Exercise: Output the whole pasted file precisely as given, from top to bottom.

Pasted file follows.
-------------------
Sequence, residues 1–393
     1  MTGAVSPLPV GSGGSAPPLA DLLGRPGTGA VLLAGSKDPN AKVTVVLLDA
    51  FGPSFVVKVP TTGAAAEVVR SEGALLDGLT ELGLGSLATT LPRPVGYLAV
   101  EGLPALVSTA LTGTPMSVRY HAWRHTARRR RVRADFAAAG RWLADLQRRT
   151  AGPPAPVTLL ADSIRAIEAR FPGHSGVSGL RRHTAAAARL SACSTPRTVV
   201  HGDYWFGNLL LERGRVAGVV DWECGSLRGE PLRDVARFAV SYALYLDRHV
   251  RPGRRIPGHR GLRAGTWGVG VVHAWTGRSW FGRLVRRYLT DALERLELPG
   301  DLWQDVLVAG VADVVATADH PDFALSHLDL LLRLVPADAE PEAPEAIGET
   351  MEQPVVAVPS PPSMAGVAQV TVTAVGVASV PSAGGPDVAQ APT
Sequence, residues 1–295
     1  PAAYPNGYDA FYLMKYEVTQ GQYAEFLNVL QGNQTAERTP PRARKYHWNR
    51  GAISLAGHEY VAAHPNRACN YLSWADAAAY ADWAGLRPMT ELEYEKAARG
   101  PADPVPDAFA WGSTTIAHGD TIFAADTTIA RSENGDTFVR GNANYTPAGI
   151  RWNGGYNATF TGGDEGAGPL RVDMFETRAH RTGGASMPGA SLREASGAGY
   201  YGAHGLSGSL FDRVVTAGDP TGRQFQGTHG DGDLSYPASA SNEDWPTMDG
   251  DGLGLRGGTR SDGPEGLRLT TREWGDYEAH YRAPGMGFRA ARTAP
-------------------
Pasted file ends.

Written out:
Sequence, residues 1–393
     1  MTGAVSPLPV GSGGSAPPLA DLLGRPGTGA VLLAGSKDPN AKVTVVLLDA
    51  FGPSFVVKVP TTGAAAEVVR SEGALLDGLT ELGLGSLATT LPRPVGYLAV
   101  EGLPALVSTA LTGTPMSVRY HAWRHTARRR RVRADFAAAG RWLADLQRRT
   151  AGPPAPVTLL ADSIRAIEAR FPGHSGVSGL RRHTAAAARL SACSTPRTVV
   201  HGDYWFGNLL LERGRVAGVV DWECGSLRGE PLRDVARFAV SYALYLDRHV
   251  RPGRRIPGHR GLRAGTWGVG VVHAWTGRSW FGRLVRRYLT DALERLELPG
   301  DLWQDVLVAG VADVVATADH PDFALSHLDL LLRLVPADAE PEAPEAIGET
   351  MEQPVVAVPS PPSMAGVAQV TVTAVGVASV PSAGGPDVAQ APT
Sequence, residues 1–295
     1  PAAYPNGYDA FYLMKYEVTQ GQYAEFLNVL QGNQTAERTP PRARKYHWNR
    51  GAISLAGHEY VAAHPNRACN YLSWADAAAY ADWAGLRPMT ELEYEKAARG
   101  PADPVPDAFA WGSTTIAHGD TIFAADTTIA RSENGDTFVR GNANYTPAGI
   151  RWNGGYNATF TGGDEGAGPL RVDMFETRAH RTGGASMPGA SLREASGAGY
   201  YGAHGLSGSL FDRVVTAGDP TGRQFQGTHG DGDLSYPASA SNEDWPTMDG
   251  DGLGLRGGTR SDGPEGLRLT TREWGDYEAH YRAPGMGFRA ARTAP